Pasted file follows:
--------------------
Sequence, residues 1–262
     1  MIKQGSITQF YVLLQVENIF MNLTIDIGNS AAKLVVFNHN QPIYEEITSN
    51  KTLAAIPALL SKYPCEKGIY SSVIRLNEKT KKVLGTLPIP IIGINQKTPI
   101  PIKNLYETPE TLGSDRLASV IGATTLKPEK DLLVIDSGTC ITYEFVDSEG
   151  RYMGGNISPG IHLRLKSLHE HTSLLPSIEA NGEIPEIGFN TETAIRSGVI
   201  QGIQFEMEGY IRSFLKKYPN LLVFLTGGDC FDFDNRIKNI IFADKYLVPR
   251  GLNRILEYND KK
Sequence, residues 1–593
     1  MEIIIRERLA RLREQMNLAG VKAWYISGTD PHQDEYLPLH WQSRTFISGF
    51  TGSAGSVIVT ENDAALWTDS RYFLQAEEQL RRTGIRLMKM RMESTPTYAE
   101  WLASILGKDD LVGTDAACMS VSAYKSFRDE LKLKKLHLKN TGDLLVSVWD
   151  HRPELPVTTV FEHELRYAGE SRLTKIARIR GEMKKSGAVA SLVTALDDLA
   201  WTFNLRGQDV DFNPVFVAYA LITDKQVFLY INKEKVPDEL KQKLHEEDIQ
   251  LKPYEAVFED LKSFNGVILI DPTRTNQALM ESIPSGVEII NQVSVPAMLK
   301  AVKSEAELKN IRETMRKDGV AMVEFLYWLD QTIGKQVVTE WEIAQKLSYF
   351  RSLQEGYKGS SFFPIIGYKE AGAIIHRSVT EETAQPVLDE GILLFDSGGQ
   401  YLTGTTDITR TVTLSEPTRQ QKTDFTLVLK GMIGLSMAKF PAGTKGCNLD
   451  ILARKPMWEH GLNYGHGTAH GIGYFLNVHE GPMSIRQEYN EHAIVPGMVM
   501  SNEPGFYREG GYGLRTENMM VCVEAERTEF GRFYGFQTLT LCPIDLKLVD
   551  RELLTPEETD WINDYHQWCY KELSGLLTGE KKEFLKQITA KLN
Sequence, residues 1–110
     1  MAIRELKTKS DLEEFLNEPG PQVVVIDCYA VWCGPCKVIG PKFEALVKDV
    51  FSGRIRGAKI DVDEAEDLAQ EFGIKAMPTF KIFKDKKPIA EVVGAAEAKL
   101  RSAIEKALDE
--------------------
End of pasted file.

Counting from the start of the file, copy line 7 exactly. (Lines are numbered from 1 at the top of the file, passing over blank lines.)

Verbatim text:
   251  GLNRILEYND KK